Taking a Next Step Toward a Biobased Economy
A small stand of poplar trees harvested from a University of Tennessee AgResearch Center is set to help scientists progress further down the path toward low-cost, high-quality biomass and a bioeconomy.
The 10-acre plot of hybrid poplars on UT’s East Tennessee AgResearch Center in Blount County was planted a little more than four years ago, and the now 30-foot trees are expected to produce 60 to 100 tons of woody biomass — a crop Tennessee and other Southeastern farmers could potentially sell to biorefineries for conversion into advanced fuels or other biobased products.
The harvest is part of a five-year, $15 million multi-disciplinary research and development effort funded by the U.S. Department of Agriculture to reduce barriers to development of the Southeastern bioeconomy. UT’s Center for Renewable Carbon (CRC), within the UT Institute of Agriculture, leads the effort, called the Southeastern Partnership for Integrated Biomass Solutions, or IBSS. Partners in the broad-based effort include Auburn University, North Carolina State University, the University of Georgia, ArborGen and Genera Energy Inc.
AgResearch Associate Dean and CRC Director Tim Rials explains, “The goal of the IBSS partnership is to demonstrate the production of advanced biofuels from sustainable sources of lignocellulosic biomass, that is, biomass made from designed herbaceous and woody crops.” IBSS has focused on perennial switchgrass and short-rotation woody crops like eucalyptus, pine and hybrid poplar.
“It’s important for the industry and producers to have a portfolio of crops that can supply the cellulosic biomass for the biorefineries,” Rials says. “Very little information is available on the performance of hybrid poplar in the Southeast. This project is designed to identify the effect of both genetic differences and management practices on the growth and yield of this potentially important energy crop. The data should provide the basis for future productivity improvements.”
The harvest included plots of several hybrid poplar varieties, called clones. Although genetic differences clearly impacted the overall yield, research has shown little difference in the chemical composition of the different hybrid poplar clones. “This information provides valuable guidance for continued enhancement of this new energy crop,” Rials says.
Similar field trials, some with the same varieties, also are underway in Alabama, Mississippi and North Carolina to evaluate environmental impacts on biomass yield.
IBSS partner Genera Energy, a biomass supply company based in Vonore, Tennessee, led the harvesting effort for the poplars. The harvester utilized in the project is a standard self-propelled forage harvester with a unique harvesting head attached to it. It is one of only two such woody harvesting heads in existence in the world, and proving new harvesting technologies and logistics are at the core of improving the biomass supply chain for woody crops. In addition to the Knoxville harvest, Genera Energy also harvested poplars in Mississippi with IBSS and Greenwood Resources.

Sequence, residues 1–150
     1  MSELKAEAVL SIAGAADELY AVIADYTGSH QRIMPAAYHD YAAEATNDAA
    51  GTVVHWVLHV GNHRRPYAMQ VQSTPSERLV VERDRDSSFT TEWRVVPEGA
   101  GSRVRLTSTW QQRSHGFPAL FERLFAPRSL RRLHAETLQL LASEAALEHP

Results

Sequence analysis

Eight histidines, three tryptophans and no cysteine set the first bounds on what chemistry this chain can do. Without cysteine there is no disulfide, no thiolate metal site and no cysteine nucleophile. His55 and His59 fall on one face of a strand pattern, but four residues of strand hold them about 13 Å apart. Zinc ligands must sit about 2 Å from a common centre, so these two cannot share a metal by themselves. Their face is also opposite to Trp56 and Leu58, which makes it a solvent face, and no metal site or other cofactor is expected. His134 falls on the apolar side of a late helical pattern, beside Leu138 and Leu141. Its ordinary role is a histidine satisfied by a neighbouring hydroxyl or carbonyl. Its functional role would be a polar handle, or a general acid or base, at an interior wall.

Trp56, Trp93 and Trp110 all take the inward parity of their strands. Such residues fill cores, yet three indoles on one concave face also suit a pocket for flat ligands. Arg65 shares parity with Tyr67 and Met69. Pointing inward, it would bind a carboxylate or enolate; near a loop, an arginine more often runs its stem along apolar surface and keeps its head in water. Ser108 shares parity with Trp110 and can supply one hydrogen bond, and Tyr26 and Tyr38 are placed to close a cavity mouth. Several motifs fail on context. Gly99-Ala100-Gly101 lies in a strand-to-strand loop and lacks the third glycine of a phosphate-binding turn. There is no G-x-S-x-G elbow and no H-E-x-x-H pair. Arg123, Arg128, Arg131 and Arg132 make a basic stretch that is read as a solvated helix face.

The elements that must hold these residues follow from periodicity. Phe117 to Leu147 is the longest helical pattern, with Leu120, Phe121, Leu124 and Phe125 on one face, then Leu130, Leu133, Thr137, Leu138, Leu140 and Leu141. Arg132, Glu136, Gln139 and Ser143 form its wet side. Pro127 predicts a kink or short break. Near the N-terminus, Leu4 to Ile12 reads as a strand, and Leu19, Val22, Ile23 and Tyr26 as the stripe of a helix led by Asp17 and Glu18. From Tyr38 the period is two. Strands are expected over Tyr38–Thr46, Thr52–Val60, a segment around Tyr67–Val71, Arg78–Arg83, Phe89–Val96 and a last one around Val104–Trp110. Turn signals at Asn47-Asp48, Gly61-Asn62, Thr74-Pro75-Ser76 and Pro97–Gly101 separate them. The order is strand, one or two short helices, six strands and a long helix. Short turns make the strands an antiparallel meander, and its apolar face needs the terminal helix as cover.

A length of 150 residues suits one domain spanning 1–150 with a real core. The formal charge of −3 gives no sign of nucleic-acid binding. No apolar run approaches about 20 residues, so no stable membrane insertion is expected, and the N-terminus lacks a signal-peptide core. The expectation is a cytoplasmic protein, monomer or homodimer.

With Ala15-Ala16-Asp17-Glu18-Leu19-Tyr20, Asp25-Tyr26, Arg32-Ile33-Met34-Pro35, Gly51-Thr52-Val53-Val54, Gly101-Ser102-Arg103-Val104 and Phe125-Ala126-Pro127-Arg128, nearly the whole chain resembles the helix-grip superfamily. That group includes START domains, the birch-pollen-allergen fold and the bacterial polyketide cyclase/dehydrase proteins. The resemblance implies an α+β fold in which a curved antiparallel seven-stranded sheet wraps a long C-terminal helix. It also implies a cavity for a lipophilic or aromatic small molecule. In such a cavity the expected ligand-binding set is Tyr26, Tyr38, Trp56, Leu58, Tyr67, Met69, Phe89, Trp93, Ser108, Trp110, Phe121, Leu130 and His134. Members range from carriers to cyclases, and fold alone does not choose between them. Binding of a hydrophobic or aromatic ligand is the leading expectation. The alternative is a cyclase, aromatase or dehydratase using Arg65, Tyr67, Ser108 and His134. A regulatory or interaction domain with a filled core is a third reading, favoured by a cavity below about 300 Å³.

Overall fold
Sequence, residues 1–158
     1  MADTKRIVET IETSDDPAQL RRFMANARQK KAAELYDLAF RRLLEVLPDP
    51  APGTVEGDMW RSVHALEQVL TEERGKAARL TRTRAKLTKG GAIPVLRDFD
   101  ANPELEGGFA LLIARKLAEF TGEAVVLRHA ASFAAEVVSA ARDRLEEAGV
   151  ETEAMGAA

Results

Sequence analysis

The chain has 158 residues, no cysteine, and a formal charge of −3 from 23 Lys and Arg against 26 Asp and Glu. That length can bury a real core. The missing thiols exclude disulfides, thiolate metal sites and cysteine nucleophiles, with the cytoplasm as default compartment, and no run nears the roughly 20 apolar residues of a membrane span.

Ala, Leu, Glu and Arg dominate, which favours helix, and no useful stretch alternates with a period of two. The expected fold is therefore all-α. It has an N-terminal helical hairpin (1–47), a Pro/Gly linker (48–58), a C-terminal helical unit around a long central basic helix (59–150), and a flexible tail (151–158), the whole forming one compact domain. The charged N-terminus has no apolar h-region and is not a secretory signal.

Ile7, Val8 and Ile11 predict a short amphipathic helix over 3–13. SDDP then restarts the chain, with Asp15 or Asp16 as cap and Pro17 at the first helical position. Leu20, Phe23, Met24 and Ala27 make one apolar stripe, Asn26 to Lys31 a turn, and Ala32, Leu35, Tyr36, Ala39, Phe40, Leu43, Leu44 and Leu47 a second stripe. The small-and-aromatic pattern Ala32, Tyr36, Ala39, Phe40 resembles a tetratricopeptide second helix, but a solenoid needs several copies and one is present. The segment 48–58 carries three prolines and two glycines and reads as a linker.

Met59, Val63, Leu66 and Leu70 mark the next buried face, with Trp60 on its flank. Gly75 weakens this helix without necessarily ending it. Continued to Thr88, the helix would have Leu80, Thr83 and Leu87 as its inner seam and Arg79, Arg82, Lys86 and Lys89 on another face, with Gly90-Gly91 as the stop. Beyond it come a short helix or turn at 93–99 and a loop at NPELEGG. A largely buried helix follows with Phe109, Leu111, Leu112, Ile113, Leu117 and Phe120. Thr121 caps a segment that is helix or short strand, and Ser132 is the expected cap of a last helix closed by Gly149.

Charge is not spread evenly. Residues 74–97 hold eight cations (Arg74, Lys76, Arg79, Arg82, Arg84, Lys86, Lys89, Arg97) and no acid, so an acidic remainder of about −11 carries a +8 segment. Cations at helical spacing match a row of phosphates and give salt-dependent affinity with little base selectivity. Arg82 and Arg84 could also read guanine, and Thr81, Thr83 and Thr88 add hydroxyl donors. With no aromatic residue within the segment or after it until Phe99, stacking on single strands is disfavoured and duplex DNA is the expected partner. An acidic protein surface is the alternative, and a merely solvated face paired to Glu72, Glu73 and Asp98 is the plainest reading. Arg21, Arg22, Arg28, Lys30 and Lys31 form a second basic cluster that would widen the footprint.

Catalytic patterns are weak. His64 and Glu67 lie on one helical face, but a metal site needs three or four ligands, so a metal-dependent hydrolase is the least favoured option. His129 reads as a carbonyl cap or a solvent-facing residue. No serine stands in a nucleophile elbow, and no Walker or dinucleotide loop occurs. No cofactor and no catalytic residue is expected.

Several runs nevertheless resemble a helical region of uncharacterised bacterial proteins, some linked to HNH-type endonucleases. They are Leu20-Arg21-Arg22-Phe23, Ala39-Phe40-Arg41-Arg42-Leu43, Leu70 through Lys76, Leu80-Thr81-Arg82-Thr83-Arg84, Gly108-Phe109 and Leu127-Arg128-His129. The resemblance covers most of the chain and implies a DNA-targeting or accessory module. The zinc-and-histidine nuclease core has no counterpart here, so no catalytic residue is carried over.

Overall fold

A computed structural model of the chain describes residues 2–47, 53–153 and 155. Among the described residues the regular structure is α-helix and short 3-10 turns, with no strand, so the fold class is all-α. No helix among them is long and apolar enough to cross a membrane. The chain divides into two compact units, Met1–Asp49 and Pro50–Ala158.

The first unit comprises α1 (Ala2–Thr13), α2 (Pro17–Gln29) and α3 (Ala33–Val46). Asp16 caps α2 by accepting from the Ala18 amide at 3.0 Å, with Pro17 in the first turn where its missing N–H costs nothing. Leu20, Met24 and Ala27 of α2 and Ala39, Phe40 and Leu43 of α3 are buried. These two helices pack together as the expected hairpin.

Reducing the risk of supplying lignocellulosic feedstock and ensuring a sustainable, predictable supply of feedstocks with desirable properties for optimal performance during industrial processing is a challenge that must be confronted to make the Southeast a more attractive location for a new industry, Rials says. “The IBSS Partnership is working with that end in mind,” he says.
A portion of the UT AgResearch poplar-stand harvest, along with similar samples from the harvests at other sites, will be sent to partner labs at the CRC, Auburn University and North Carolina State University for physical property analyses such as moisture content analyses and specific gravity examinations – important measurements to gauge the materials’ usefulness for industry. Scientists with the CRC also will use NIR (near-infrared) technology to examine the chemistry of the wood with an eye toward development of future biobased products.
The IBSS partners are working to match the economic and environmental performance of each feedstock with a preferred conversion platform so that the ultimate product, whether it’s a biofuel or chemicals derived from distillation of biomass into its component parts, will be reliable, available and affordable.
Once the samples for examination at the CRC are set aside, additional samples from the harvest will be delivered to Genera Energy for pre-processing and further analysis, including spectroscopic monitoring. Genera’s facility, the country’s largest and most comprehensive industrial biomass management and processing facility, uses real-time feedstock monitoring technology to improve feedstock pre-processing, which reduces the risk of delivering material that fails to meet specifications.
“The biomass preprocessing step helps guarantee to potential biomass users a consistent and uniform feedstock from which they can refine fuels and other products,” says Sam Jackson, a UT Institute of Agriculture alumnus (’00, ’02, ’08) and Genera’s vice president for business development.
While the feedstock needed for biorefineries to produce biofuels and other biobased industrial products is readily available in the Southeast because of abundant supplies of forest and agricultural residues, dedicated bioenergy crops will be needed to meet industry requirements for a sustainable industry to develop.
“The beauty of the poplars we are harvesting is that they will regenerate and continue to grow,” Rials says. “In just two or three years, they could be harvested again as a biomass crop. This makes them attractive to both producers and industry.”
This story first appeared in the Tennessee Alumnus and a version was placed with EurekAlert! The editor of Biofuels Journal also interviewed Dr. Rials on this subject and the article appeared in that publication’s 2016 2nd Quarter issue (pp. 12-16).